Argentina: Children march against hunger, poverty

“They arrived as always, singing and holding hands. They entered the Plaza de Mayo as if they were playing,” according to the web site of the CTA, Argentina’s central labor federation. Some 400 children and teachers arrived May 18 in Buenos Aires from Misiones, 2,400 miles to the north. Their message: “Hunger is a crime.”

The National Movement of the People’s Children sponsored the 11-day march, joined by Víctor De Gennaro, a leader of the CTA.

Sociologist and lead organizer Alberto Morlachetti told the waiting thousands in the plaza that “two-thirds of our population are poor,” including 9 million children. He denounced a government favoring “big economic groups.”

“We say without hesitation that capitalism inevitably corrupts,” he said.

Morlachetti said children march for happiness, not to be happy: “Like the birds, they sing so that dawn will come, not because dawn has come.”

Japan: Peace constitution in jeopardy

On May 11, Japan’s major parties obtained approval from an upper-house parliamentary commission for a bill establishing procedures for revising Japan’s constitution. In a statement, the Japanese Communist Party protested the lack of a public hearing on provisions that allow for as few as 10 percent of the population to amend the constitution while excluding 5 million public service employees, including teachers, from the process.

Critics charge that the proposed changes introduced by the government of Prime Minister Abe Shinzo are aimed at facilitating a revocation of Article 9 of the constitution, which presently prohibits foreign wars. Protests mounted after Abe left an offering at the Yasukuni Shrine, a symbol of Japan’s military past. Opponents say that he stubbornly refuses to distance himself from an aggressive military ideology that once sought “a holy war to liberate Asia.”

Iran: CIA destabilization plans come to light

ABC News reported May 22 that President Bush has approved CIA proposals for operations aimed at destabilizing Iran’s government.

Among other tactics, the CIA will purportedly undertake to track and interfere with the flow of money going toward nuclear materials and missile equipment. While the president’s action, reported to congressional intelligence committees, apparently leaves out authorization for “deadly force,” U.S. warships, warplanes and missiles still remain poised to strike.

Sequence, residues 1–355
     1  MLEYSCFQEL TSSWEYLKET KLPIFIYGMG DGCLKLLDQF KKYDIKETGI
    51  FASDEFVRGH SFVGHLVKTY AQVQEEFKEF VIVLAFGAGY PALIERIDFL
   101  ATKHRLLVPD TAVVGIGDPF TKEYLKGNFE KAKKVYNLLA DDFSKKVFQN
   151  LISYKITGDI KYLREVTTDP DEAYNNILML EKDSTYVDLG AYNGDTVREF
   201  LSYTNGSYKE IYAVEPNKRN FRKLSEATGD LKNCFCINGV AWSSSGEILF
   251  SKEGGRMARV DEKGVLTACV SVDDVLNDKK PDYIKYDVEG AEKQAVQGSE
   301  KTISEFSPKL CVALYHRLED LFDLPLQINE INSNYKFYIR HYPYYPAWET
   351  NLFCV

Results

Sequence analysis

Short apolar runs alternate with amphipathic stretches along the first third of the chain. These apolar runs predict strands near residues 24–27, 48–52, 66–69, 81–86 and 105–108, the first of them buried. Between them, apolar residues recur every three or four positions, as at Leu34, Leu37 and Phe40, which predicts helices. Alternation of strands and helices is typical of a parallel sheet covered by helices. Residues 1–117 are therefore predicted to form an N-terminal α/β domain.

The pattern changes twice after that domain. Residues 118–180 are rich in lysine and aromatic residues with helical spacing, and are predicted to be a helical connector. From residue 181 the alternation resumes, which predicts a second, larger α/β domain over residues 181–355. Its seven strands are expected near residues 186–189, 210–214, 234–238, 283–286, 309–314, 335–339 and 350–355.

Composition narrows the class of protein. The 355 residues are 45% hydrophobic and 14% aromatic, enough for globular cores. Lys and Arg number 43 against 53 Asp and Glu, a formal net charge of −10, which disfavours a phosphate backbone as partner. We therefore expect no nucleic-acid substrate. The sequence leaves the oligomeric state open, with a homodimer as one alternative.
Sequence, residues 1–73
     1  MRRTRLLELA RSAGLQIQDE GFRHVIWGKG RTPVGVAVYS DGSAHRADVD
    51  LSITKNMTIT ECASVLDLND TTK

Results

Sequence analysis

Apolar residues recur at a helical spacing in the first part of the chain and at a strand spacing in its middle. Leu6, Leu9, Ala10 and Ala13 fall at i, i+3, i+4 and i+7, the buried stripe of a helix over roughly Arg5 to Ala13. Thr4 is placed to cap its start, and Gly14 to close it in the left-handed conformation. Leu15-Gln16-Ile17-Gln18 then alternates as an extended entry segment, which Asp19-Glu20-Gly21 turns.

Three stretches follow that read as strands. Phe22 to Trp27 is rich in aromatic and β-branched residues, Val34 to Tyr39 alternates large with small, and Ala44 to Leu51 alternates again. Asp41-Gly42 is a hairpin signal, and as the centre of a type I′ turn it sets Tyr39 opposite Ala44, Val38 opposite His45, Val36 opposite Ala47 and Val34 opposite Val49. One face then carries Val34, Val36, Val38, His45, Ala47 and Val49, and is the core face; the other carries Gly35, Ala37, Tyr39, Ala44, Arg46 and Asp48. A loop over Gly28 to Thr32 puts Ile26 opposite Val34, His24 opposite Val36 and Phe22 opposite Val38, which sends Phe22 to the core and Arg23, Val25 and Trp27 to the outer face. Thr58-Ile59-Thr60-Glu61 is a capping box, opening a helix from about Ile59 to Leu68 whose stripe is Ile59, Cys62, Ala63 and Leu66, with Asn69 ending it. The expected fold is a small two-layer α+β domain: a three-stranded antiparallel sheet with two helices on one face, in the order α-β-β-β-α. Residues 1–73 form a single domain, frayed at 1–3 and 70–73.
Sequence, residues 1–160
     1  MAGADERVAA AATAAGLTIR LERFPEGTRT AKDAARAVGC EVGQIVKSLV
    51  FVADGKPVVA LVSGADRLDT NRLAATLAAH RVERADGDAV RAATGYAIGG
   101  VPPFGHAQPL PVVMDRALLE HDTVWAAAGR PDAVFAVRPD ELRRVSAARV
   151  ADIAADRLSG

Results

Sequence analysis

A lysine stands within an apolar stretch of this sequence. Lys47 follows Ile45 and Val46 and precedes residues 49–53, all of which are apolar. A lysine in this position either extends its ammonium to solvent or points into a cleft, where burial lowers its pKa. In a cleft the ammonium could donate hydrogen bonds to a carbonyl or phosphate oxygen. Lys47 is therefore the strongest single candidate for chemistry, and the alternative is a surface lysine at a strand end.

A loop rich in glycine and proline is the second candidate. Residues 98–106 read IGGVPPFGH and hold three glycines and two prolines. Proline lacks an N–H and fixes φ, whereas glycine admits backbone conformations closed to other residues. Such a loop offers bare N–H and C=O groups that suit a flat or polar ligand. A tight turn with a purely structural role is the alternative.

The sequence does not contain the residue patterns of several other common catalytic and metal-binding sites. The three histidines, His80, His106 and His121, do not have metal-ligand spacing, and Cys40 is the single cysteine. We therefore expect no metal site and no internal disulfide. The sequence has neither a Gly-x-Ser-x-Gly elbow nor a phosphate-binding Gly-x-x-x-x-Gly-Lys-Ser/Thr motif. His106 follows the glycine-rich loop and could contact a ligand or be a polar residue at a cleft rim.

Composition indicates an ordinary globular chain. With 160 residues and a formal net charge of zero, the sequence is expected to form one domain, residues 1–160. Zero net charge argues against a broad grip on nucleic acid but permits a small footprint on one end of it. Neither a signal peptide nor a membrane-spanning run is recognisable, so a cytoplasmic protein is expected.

Analysts quoted at noted that anti-Iranian groups both inside and outside Iran are presently being used in a “proxy war” against Iran. Washington, for example, supports the Jundullah group, which carries out raids from bases in Afghanistan and Pakistan, and is training “hundreds of men” for anti-Iranian operations. Iranian authorities recently nabbed 10 of them found to be carrying $500,000, maps and surveillance equipment.

Kenya: Global warming causing sea damage

Marking the International Day for Biological Diversity and noting the problem of climate change, May 22, Kenyan environmental officials pointed to damage caused by warming ocean temperatures. Inter Press Service quoted Ali Mohammed of the section on Coastal and Marine Programs: “Fish are disappearing. Coral reefs, which are like the rainforest of the sea, have been seriously affected.”

Scientists say that high temperatures cause expulsion of algae and consequent bleaching and death of coral reefs. That sequence was found to have occurred in association with the “El Nino” weather pattern of 1998, when ocean temperatures rose significantly. Adverse effects in Kenya included reduced biological diversity and decreased fish stock.

Some 70 percent of Kenyan coastal communities rely on fisheries for income, which is down sharply despite rising prices. Marine-based tourism, the source of two-thirds of Kenya’s tourist income, is off also because of reef destruction. Tourism is second only to agriculture as the country’s source of foreign income.

Great Britain: Child poverty on the rise

Barnardo’s, a British child-help agency, released a report May 23 calling upon the British government to add 3.8 billion pounds ($7.5 billion) to child support services to reach its goal of halving child poverty by 2010.

Director Martin Narey said, “Barnardo’s witnesses every day the impact on children and families of living in grinding poverty. We should be ashamed that 3.8 million children are living in poverty in the UK.”

The report, titled “It doesn’t happen here,” draws attention to the special vulnerability of Pakistani and Bangladeshi families in Britain.

The Guardian (UK) newspaper quotes Brendan Barber, general secretary of the Trades Union Congress, as saying the campaign against child poverty is “the government’s most inspiring promise,” which, if not fulfilled, will result in the “maiming” of still more families.

World Notes are compiled by W.T. Whitney Jr. (atwhit